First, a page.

UK architect Mark Dziewulski lived the American dream in New York and California for 17 years. Now, he is bringing his can-do approach and value engineering expertise back to Britain.
Ever thought of emigrating to the USA, where the architecture is on a grander scale, construction technology is said to be at its most advanced and earnings put sterling salaries to shame? British architect Mark Dziewulski made the journey 17 years ago and found that the American dream really can come true.
Dziewulski built up experience and contacts in New York before successfully setting up his own practices there and, later, in Sacramento, California. In the sunshine state, he brought design flair to archetypal US shopping malls and value engineering to millionaires' houses. But now 38-year-old Dziewulski is back in the UK, homesick for a country where he believes design is highly valued, and ready to build up a new business on this side of the Atlantic.
In the USA, Dziewulski found a niche as a design-led architect who talked to developers in their own language, and he hopes to slot into a similar market here. But he is also interested in expanding his repertoire into areas such as the public sector and low cost housing, with all the can-do attitude of a natural-born American.
"I don't think architects need to specialise," he says. 'There's always a short, steep, learning curve [on an unfamiliar building type], but you can apply the same attitudes to every project." For Dziewulski, that means rigorously designing out cost in the unseen parts of a building so that the money released can be spent on adding design flair to its public face. "Developers often think that design will just cost them more money. But it is possible to get the best of both worlds."
The Cambridge graduate and Fulbright scholar moved to the USA in 1982, a temporary arrangement that soon became permanent when job offers and commissions began to flow. He worked for SOM and Michael Graves Architects in New York before setting up his own firm in 1986 and designing office, banking and other commercial projects, as well as loft conversions and apartment buildings.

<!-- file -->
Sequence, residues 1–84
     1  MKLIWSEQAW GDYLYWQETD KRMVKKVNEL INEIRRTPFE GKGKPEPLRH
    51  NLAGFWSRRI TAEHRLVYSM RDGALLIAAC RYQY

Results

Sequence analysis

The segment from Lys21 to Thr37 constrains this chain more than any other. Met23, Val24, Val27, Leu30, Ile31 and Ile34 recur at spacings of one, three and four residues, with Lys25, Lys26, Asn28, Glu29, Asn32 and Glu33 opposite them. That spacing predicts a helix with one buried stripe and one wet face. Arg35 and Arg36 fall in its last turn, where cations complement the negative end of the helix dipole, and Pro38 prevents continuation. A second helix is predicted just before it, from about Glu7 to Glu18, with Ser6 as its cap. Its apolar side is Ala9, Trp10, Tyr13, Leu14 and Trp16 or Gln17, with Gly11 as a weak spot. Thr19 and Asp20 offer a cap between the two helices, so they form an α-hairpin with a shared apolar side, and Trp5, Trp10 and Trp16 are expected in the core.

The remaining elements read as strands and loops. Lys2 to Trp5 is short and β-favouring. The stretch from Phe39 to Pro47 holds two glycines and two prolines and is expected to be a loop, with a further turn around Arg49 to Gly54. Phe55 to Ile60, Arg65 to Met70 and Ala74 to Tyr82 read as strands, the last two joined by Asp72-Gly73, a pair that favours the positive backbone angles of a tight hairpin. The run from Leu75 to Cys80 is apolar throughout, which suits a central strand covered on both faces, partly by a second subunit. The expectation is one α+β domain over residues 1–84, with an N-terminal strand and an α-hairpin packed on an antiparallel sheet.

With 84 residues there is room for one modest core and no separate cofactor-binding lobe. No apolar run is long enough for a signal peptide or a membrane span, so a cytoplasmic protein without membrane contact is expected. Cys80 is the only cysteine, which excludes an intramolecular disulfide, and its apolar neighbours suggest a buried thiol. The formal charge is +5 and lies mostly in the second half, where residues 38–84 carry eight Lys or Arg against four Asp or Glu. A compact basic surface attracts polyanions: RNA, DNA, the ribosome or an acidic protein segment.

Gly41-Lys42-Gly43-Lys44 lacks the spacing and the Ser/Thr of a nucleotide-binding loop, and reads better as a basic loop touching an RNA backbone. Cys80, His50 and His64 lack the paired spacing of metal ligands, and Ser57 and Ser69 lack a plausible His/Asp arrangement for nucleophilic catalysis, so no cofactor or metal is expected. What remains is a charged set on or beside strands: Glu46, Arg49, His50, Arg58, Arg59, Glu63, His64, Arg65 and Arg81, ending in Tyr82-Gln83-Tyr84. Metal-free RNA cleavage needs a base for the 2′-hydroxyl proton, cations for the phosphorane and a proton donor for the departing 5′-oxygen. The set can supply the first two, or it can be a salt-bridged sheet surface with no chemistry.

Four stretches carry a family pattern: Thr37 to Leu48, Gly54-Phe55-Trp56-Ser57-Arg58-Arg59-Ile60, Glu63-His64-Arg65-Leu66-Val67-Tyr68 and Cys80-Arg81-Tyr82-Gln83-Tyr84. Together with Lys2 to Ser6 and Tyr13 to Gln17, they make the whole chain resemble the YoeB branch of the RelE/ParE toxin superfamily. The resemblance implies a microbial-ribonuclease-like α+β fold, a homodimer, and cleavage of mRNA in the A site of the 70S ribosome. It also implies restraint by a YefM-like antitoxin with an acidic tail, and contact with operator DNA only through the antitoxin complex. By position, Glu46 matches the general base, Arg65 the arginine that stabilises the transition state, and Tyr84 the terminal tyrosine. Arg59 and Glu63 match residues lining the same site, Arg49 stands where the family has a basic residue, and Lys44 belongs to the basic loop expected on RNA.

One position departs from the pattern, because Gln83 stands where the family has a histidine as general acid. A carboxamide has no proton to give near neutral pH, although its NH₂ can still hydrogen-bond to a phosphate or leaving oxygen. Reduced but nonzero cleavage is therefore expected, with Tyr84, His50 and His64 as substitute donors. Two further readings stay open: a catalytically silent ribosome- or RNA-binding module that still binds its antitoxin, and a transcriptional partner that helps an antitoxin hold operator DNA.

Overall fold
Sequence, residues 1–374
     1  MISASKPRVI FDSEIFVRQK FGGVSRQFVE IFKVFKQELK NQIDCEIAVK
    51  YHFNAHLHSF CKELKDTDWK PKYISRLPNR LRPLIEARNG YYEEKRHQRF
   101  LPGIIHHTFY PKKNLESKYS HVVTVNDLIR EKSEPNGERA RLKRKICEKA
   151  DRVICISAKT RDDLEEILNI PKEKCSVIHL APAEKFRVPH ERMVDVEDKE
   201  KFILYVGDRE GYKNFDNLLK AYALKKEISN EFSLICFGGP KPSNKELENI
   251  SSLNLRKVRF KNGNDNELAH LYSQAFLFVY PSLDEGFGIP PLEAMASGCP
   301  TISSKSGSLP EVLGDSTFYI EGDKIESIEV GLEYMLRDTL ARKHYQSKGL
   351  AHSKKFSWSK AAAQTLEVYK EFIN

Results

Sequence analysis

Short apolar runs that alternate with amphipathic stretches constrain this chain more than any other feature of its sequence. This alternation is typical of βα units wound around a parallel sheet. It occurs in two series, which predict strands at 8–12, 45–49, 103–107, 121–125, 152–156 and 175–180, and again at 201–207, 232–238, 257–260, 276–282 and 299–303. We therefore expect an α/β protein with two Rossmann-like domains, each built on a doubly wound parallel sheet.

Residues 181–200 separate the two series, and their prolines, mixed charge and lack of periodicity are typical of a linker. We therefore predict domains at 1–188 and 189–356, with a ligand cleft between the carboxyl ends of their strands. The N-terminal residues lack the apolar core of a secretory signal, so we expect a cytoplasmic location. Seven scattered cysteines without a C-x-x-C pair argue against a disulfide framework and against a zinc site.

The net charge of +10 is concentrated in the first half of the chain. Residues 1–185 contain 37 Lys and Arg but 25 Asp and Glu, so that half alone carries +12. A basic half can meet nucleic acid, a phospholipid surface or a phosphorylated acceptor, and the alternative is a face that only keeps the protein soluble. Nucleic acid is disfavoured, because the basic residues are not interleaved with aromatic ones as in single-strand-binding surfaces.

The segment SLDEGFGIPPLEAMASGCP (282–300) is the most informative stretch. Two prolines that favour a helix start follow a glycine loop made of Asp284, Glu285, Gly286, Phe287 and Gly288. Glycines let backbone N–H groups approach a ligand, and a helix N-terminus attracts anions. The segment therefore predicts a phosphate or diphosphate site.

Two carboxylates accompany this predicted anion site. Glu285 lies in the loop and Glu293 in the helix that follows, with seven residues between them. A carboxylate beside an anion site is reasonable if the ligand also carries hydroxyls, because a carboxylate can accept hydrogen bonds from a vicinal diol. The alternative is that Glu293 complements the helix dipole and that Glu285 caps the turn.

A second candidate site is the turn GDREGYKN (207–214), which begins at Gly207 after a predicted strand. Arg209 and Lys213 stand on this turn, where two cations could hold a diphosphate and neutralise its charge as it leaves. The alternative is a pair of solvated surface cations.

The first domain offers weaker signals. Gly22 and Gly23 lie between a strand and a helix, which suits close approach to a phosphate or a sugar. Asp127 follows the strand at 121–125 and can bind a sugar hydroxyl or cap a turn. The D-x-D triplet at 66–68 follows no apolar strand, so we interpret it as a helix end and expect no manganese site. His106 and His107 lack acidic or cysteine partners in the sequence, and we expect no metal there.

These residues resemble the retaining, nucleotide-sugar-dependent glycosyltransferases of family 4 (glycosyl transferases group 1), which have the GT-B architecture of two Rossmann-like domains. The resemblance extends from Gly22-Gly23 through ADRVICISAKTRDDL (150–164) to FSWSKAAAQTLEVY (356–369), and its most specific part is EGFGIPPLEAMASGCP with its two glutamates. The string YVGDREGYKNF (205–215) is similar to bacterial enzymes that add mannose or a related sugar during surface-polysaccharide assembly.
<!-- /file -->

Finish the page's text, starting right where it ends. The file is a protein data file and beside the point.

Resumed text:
The practice's repertoire widened following the move to Sacramento in 1993, where a scheme for a Virgin Megastore and a small speciality shopping centre attracted several design awards. Ongoing projects in the care of his US staff include a war memorial in Poland for the Polish airforce, a 38 000 m2 international bamboo research institute in Beijing and a museum in California.
Now, Dziewulski is attempting to establish himself in London, where he already has two residential commissions, and at the same time maintain the California business. He clearly feels he has come home, not just to his family but in an architectural sense. "I can see the changes clearly," he says. "People are very interested in design, and design standards have gone way up."
But Dziewulski is also discovering important differences in the way construction projects are managed in the two countries, and he believes that the US industry has had more success in improving efficiency. For instance, in the Sacramento office, value engineering to produce the most space- and cost-efficient buildings does not wait for the return of tenders or even a back-of-an-envelope cost calculation. Instead, architect, client and construction manager exchange ideas "before you put pen to paper".
If the construction manager has not been appointed, Dziewulski would try and work with an estimator and trade contractors. "If everyone's involved at the beginning, they're more prepared to compromise later," he says. "You have several offices working together rather than groups of people arguing."
Another difference is his belief that "small is beautiful" where his practice is concerned. Dziewulski's six-strong office is a surprisingly lean machine that concentrates on scheme design. For working drawings, Dziewulski "partners" with other practices that specialise in whatever building type is on the drawing board.
Rather than "handing over" the design, Dziewulski or his staff are offered desk space in the other firm, and the two progress the design together. "Very few offices can maintain teams who have experience in several design fields, and keep them busy," he says. "And if you hire new staff for a project, they have no experience of working together."
In fact, Dziewulski is convinced that partnering arrangements between different design firms will increasingly become the norm in the USA, with the UK perhaps catching on later. "You don't have hiring and firing issues but you do have lower overheads and more flexibility," he explains. If his business takes off in the UK, he hopes to use a similar staff-sharing arrangement here, and has already introduced the idea to several practices.
Although Dziewulski's accent and manner are more English than American, talking to him is still like absorbing a glossary of US construction terminology. A client is an "owner", working drawings are "construction drawings" and a gutter is a "cricket". Sometimes, he is not sure of the translation, for instance asking if "infill" is a term used in this country.
There is even a chapter on financial terminology, such as "cap rates" for property yields. "I can talk to developers about their returns or the fixed value of money," he says. "I have a lot of experience in financing and I'm a co-investor in some of the projects."
Dziewulski clearly has his fair share of entrepreneurial spirit. As he gets into his marketing stride, UK clients, developers and other architects can expect to be hearing from him.